IT didn't take Positive Ageing Week and exhortations from President Mary McAleese to get me brooding about oldies, for I'd been set off by The Young Ones, a recent BBC reality TV programme that set out to rejuvenate a clutch of once-famous septuagenarians and octogenarians.
And then there was the papal visit to Britain, which began with an 89-year-old (Prince Philip), greeting an 83-year-old (Pope Benedict XVI) and later introducing him to his 84-year-old wife (Queen Elizabeth). Margaret Thatcher was present for the pope's speech in Westminster Hall. She is 84 and has Alzheimer's, which is why John Major held her hand throughout the proceedings, but she looked splendid, if rather vacant.
The premise of The Young Ones was that, if forced to think of when they were in their prime, old people could shed the years. Much money had been spent on decorating a house in hideous Seventies-style and participants were required to talk as if they were in 1975. But what really invigorated them was having to look after themselves and being in stimulating company.
Derek Jameson, 80, a once-feared tabloid editor, couldn't get his suitcase up the stairs or put on his own socks until he had to; the actress Liz Smith, 88, couldn't walk without two sticks until she had to carry her own coffee-cup; Dickie Bird, 77, famous and convivial cricket-umpire, recovered the social confidence he had lost after a stroke because he had to talk to the five people he was stuck with; Kenneth Kendall, 86, the one-time BBC newscaster and presenter, was miserable without dogs but convinced he was too infirm to look after them, yet presented with two to exercise and feed he succeeded; Lionel Blair, 78 but lying about it, moved from denial to tap-dancing; and Sylvia Syms, 76, once a great beauty but now fat and almost immobile, recovered her zest and on her last day ran out of the house to embrace her daughter.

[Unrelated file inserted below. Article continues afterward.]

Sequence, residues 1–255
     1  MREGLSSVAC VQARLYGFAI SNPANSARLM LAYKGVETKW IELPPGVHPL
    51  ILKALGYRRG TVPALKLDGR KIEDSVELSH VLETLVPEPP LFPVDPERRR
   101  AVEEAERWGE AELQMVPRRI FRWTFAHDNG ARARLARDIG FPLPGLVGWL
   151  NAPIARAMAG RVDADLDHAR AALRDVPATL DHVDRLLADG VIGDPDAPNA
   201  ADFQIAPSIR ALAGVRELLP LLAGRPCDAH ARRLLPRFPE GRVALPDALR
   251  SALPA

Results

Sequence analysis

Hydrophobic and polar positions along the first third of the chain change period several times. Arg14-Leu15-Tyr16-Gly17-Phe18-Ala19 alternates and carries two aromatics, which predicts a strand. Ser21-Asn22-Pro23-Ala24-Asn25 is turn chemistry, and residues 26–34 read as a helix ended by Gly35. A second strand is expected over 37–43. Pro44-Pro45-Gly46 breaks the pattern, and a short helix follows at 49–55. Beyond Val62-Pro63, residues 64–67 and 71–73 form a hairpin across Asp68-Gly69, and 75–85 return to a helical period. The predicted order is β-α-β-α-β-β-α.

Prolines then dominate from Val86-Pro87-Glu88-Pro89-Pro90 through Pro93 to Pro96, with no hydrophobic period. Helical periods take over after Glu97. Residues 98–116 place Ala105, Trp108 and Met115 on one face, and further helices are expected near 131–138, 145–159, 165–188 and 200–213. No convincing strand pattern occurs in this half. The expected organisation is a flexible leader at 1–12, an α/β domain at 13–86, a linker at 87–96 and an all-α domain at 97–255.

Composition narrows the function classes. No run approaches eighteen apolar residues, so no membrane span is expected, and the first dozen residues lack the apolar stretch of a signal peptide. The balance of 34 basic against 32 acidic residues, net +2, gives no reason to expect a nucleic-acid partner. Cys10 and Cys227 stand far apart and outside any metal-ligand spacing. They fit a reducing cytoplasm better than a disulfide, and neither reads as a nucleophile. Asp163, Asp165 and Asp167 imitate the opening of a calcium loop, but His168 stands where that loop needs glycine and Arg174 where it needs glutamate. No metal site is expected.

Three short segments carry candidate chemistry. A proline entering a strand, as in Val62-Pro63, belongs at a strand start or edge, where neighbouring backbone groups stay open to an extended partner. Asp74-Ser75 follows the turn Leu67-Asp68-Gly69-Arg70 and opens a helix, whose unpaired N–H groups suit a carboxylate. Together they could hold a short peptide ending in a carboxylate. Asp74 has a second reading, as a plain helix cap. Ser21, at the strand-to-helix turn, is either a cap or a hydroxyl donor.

The most instructive moment was halfway through when a small army of carers arrived: Jameson was one inhabitant who instantly regressed to dependency and handed them his socks; Syms stood on the stairs shouting at them to keep away from her. The carers were removed after a few hours, and by the end of the week, all six were shown to have made extraordinary physical, mental and emotional progress.
I was haunted by the memory of my grandmother O'Sullivan, who happily looked after her house and her chickens until, after a fall, her well-meaning daughters decided she was no longer fit to live alone. Transported from rural Cork to Dublin, where she was fed and looked after and had nothing to do, she was miserable and lost her wits within a few months.
Queens, popes and dictators (Robert Mugabe is still vigorously ruining his country at the age of 86) just keep going, which is what everyone should do. Even if you've retired, the world is full of jobs to do and people to enjoy and hobbies to take up and places to visit. Thatcher may be vague about whom she's socialising with, but attending events gives her a sense of purpose and she knows how she and everyone else should behave. "No, dear," she said to me recently at a small dinner party when someone produced a camera, "never be photographed with a glass in your hand. Put it over there."
The last time I met Garret FitzGerald, 84, who whizzes around like a woolly haired dervish, was in a London club where he was entertaining three young women to dinner. "They're friends of my granddaughters and friends of mine," he explained after they had left and he then joined me and my companions for a political argument until midnight.
I even admit that in my 60s I've started going to the gym and am fitter now than I was at 50. I've buried enough younger friends to know I'm lucky to be alive.
Every generation is living longer than the one before, we have no excuse these days to be bored and equally we should try to avoid being a burden. The recipe is simple: don't think about age, just keep going. And keep putting on your own socks.